For more information on recipes and preserving check out my website which I am updating at regular intervals.

Friday, 8 July 2016




Lavender is not only useful as a natural fragrance in your home or for making lavender bags for your's great to cook with.


You will need...
2 teaspoons of washed and dried fresh lavender flowers
125 g butter
100 g caster sugar
one egg
150 g self raising flour
heat oven to gas 3
Cream together sugar and butter.
Slowly add egg a little at a time beating well in between...if it begins to curdle add a little of the flour
fold in the flour and flowers
Put  teaspoon size dollops on a baking tray  that is covered with waxed baking paper.
They spread so not too close together.
Bake for about 15 mins
as a variation grate in a little lemon rind

Thursday, 7 July 2016

Keeping busy in July in Charente

July is a very busy month for us gardeners.

They say that if you want something done you should ask a busy person.

The busier I am the more I seem to be able to do. I admit that I am at my happiest when I have a number of things on the go and I go to bed a tired happy bunny.

I am a great list maker ...sometimes I even make lists of lists......sad I know....anyway while having my morning lemon juice I write down everything I HAVE to do, everything I HOPE to do and everything I WOULD LIKE. To do.

Of course HAVE TO'S ...HAVE TO be done.They are always top of the list.
As for the rest....well...
The list is a like a never ending story.

As well as always adding to the list there are some jobs you just keep putting off because they are not very appealing even though you know you have to do them sometime.
Also STUFF just seems to get in the way...

Sometimes GOOD stuff the day we sold our table. we got on like a house on fire with the couple who came to buy it so 2 and a 1/2 hours and a few coffees later we realised that the mornings work was out of the window. Love it!
Sometimes BAD. Stuff like the morning we could hear funny noises in the kitchen and discovered we hadn't shut the freezer door properly and everything was defrosting all over the floor. Looking on  the bright side I did get the floor washed!

I wonder if there is anyone so well organised that they actually do everything on their  daily list ?

As I write this now I have several things that appear daily on my list. We still haven't tiled the shower ...on the list since April. Moving the banana tree.....too late now and will have to wait till next year.

Priorities for me are the fruit and veg . That's what is going to keep us fed over the winter.
So top of the daily list is checking what is ready and needs picked, weeding around the plants and looking out for any bugs and diseases.
July is also a busy time to "recolte"  ....collect all your produce....then comes all the preparation, freezing preserve making.
July is the start of most of your first planting being ready for harvesting...beetroot, potatoes, onions as well as strawberries, raspberries and courgettes.
Round courgettes are very popular in France . Courgette farcie as well as tomatoe farcie is a french favourite. Farcie just means stuffed so you can use whatever you like...sausage meat, minced beef, Mediterranean vegetables, mushrooms....that's the great thing with farcies you can use whatever you have.

Harvesting has been a little later for me this year due to the rain. The rain this year has been both a help and a hindrance. The celery, onions and beetroot have thrived but the potatoes are not very happy. The tomatoes,peppers and cucumbers are craving sunshine. It will be another few weeks before we will be enjoying these.

The raspberries are happily growing wildly!!
At the start of the season   the daily collection  of rasps, blackcurrants and blueberries usually isn't enough for a dessert that day so they go straight into the freezer in my mixed berry box to use for in the winter. Just open freeze them for a few hours and then put them in a container.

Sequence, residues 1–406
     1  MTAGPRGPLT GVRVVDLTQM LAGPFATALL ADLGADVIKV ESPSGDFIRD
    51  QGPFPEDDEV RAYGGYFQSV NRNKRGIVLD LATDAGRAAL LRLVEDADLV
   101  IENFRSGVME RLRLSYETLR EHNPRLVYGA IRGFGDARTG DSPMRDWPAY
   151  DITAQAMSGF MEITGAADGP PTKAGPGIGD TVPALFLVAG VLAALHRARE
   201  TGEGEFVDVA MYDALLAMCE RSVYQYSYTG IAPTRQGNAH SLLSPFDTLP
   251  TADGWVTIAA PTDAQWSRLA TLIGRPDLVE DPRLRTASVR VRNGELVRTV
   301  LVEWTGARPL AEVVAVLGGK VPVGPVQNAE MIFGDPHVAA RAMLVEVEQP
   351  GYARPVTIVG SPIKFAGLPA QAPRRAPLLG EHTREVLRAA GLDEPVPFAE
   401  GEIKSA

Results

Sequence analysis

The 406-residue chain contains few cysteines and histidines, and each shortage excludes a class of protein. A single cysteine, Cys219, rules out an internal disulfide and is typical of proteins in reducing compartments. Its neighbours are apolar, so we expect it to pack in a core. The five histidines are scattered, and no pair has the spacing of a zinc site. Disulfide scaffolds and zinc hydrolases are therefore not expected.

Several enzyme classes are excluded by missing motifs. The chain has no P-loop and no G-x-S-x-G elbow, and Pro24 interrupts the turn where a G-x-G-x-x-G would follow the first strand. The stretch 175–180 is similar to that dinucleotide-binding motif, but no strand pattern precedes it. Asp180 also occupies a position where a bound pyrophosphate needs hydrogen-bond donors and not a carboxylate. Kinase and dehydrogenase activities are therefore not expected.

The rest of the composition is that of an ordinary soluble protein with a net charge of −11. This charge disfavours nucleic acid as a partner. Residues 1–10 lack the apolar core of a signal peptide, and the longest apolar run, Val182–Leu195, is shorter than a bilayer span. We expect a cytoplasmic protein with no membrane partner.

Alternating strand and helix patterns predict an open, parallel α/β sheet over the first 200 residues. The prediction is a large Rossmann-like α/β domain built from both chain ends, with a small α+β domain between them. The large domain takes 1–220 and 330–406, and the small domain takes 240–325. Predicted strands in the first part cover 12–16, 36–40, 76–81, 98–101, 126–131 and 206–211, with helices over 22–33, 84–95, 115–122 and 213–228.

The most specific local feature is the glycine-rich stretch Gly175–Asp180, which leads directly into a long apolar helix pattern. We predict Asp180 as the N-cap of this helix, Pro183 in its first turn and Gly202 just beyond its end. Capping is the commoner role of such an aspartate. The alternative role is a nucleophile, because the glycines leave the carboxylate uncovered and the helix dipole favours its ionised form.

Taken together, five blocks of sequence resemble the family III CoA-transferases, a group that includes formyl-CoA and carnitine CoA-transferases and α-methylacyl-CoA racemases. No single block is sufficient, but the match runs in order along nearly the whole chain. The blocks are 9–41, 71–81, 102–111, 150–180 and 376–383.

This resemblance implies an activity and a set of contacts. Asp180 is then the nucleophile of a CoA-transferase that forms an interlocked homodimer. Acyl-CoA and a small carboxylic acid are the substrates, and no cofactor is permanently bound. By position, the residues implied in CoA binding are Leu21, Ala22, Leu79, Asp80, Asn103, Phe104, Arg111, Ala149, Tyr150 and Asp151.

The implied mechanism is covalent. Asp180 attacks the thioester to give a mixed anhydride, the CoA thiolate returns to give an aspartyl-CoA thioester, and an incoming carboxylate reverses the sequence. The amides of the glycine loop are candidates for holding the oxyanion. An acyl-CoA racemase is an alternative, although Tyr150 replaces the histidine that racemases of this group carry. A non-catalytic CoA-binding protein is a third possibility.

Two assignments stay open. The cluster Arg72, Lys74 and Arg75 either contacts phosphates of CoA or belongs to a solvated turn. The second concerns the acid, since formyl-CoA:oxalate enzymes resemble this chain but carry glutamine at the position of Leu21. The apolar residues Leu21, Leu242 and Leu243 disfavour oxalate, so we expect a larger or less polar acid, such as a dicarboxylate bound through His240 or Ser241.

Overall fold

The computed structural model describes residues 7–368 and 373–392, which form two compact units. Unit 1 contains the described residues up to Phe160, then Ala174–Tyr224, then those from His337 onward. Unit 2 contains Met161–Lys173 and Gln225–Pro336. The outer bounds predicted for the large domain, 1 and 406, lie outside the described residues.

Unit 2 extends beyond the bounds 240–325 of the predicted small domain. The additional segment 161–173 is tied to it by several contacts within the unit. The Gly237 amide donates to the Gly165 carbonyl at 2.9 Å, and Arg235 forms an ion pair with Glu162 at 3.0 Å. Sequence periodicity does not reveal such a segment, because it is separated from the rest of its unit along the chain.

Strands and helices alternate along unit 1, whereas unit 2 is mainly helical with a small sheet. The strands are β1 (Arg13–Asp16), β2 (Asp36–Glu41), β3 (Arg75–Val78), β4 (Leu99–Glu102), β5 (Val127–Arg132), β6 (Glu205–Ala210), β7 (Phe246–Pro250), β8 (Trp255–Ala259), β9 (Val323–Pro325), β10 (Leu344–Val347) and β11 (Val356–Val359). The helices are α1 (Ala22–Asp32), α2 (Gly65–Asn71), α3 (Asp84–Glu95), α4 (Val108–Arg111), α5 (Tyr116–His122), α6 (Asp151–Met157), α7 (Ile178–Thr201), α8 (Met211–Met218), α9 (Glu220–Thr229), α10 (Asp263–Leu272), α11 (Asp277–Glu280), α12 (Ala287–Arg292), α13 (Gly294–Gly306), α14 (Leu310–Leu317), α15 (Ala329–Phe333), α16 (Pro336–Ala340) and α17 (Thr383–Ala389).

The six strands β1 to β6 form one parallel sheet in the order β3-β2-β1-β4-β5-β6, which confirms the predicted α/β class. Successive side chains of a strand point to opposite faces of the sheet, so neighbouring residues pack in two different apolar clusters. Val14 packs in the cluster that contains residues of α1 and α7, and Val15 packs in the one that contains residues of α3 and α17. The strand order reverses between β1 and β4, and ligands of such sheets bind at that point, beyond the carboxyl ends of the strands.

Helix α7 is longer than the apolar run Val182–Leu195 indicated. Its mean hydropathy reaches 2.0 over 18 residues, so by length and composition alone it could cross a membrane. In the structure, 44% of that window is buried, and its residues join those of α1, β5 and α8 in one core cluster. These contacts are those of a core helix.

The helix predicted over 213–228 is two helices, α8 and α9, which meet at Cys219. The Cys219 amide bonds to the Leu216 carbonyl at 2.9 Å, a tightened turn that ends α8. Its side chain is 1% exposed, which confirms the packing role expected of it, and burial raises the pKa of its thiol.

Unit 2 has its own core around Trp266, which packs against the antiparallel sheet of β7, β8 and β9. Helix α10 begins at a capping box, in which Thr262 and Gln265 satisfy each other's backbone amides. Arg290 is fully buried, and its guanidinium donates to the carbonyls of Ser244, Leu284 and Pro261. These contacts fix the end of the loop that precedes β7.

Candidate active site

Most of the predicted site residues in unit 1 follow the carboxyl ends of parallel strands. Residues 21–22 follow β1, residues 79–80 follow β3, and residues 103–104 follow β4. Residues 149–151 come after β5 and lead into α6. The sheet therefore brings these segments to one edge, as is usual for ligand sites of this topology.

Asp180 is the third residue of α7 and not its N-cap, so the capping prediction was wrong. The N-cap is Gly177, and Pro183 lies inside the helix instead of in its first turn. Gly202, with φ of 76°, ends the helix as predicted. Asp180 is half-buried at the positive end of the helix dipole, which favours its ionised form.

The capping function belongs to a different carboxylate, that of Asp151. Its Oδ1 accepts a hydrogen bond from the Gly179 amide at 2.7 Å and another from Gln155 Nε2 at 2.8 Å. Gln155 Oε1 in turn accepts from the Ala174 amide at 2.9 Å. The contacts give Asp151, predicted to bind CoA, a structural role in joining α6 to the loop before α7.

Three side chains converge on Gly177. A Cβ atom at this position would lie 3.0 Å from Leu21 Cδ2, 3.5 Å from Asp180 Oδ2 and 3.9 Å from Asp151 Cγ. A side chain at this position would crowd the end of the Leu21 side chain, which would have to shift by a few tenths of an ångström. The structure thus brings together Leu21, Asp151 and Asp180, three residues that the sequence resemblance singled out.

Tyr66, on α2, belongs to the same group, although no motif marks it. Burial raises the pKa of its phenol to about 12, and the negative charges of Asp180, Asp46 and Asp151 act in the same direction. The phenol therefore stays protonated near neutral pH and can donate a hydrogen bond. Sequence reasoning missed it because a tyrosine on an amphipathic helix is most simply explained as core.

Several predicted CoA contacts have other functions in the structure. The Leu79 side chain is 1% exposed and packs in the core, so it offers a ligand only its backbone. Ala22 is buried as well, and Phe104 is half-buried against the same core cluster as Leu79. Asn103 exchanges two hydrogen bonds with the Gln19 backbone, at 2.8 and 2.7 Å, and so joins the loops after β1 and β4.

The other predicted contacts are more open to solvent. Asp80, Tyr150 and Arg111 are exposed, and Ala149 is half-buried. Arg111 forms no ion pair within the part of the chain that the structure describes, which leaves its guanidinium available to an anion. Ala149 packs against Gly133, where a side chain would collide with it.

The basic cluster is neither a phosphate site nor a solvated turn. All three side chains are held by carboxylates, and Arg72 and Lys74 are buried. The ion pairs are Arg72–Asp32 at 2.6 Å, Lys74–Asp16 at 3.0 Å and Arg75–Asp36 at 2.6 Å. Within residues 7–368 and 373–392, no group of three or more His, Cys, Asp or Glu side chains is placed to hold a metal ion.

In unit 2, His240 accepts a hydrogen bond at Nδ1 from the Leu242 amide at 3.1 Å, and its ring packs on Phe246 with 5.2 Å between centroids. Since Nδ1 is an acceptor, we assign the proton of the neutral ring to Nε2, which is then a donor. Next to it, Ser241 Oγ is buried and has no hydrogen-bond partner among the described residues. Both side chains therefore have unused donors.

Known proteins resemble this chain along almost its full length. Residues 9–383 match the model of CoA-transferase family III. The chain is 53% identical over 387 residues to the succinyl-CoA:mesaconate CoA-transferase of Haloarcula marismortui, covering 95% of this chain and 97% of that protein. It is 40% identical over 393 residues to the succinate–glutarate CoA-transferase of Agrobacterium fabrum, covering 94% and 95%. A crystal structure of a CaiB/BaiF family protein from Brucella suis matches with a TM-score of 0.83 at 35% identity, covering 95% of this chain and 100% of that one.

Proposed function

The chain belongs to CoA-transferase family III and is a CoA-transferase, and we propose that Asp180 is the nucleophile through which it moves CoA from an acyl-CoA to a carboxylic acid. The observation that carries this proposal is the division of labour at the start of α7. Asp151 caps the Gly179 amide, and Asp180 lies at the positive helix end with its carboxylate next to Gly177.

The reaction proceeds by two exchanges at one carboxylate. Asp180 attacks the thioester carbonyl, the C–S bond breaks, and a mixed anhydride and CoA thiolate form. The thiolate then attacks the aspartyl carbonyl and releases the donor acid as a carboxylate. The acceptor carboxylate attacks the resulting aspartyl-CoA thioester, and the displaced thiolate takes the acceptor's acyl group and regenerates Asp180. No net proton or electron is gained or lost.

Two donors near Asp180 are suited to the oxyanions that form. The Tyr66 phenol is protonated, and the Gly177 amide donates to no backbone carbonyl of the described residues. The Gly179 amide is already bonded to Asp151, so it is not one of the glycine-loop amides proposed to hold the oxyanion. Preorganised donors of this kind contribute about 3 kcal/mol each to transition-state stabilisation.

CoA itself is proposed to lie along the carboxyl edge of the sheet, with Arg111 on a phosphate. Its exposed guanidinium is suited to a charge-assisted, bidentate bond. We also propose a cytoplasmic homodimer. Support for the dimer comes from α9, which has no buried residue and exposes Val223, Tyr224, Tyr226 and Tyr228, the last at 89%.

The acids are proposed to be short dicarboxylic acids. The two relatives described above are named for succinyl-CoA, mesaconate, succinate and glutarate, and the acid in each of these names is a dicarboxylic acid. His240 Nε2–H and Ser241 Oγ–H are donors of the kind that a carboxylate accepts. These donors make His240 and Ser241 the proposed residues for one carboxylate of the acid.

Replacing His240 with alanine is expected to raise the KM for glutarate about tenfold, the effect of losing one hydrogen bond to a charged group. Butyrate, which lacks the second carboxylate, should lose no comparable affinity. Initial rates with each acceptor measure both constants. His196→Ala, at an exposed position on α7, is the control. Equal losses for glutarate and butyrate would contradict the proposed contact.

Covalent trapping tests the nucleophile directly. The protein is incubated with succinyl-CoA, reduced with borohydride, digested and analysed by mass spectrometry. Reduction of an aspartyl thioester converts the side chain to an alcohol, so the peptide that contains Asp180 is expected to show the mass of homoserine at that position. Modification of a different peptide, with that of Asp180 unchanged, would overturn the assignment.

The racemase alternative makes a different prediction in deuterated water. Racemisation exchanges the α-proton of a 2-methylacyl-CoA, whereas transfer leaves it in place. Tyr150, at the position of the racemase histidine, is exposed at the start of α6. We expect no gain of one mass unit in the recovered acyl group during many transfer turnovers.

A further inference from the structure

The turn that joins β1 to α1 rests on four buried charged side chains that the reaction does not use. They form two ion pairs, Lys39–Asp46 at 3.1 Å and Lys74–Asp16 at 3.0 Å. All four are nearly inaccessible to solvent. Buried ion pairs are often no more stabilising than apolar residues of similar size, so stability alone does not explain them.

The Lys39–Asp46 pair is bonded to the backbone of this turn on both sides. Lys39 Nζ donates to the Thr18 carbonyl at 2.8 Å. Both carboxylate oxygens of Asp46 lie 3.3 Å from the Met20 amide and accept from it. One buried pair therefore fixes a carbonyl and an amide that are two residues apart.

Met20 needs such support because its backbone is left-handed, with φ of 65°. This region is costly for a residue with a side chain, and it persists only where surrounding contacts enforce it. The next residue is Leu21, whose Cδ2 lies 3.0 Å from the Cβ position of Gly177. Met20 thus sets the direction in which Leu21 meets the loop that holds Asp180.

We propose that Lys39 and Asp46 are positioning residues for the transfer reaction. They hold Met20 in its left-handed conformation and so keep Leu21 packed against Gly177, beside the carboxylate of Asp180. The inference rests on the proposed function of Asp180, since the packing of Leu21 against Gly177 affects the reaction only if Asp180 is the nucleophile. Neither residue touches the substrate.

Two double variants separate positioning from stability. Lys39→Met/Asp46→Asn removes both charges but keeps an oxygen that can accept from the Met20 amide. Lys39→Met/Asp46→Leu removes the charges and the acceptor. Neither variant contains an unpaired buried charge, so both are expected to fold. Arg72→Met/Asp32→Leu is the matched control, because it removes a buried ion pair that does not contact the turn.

In Charente, this year blight problems are hitting both potatoes and tomatoes. Not only has the sale of Bordelaise rocketed there have been reports of it being sold out in many garden centres so treating them is this way has not been possible for those who couldn't get any.

My potatoes are looking a bit sad but its not down to blight...I think the roots were just drowned in the rain.

. I'm really happy with the kiwi tree this year....lots of fruit which I have been thinning out am hoping those left will continue to fatten up. I planted the tree ( its a male/female)  when we arrived in April 2014. Last year we had 5 kiwis that grew no bigger than cherry tomatoes.
Kiwis grow really well in Charente providing you place them in the sunniest spot and make sure they have a good weekly watering and feed.

On another note......forget the work and.......

MAKE HAY WHILE THE SUN SHINES.....on your  to do list add enjoying the sun while its here. It's late arriving in Charente and there's no guarantee that it will stay so make sure you factor in some
"Repose" time .

We all need to recharge the batteries and indulge in soaking up some vitamin D. After which you will refreshed to tackle your LIST!

Check out my website for relevant recipes for this months produce....courgettes, raspberries, strawberries and beetroot,

Wednesday, 1 June 2016


So here we are the first day of June. Only another 19 days to the first day of summer and when the days will once again be getting shorter.

Known for its microclimate and many hours of sunshine the Charente today could easily be mistaken for the Lake District in the Uk on a bad bank holiday.


What on earth is going on with the weather here. Locals are saying they have never known anything like it. Sunny and 24 degrees one day to thunderstorms, rain and  17 degrees the next.

The pool is up and running but going in when the water is only 20 degrees and the outside temperature less is not very appealing.

The only good thing about all this rain is having a  rest from gardening and watering.. The celery and beetroot are loving it but the courgettes, tomatoes  and aubergines are cringing! Some of the plants may not like it but it isn't deterring the weeds.....out in force!!! Also we seem to have more black aphids it the same for everyone or am I just unlucky this year!

Despite the lack of sunshine We have an abundance of early strawberries...even with the squirrels and mice munching through quite a few of them we are picking a bowlful every day.
 Working on the ONE THIRD PRINCIPLE...we shall be eating a third, freezing a third and now I have acquired a dehydrator I will be drying a third to use in muesli.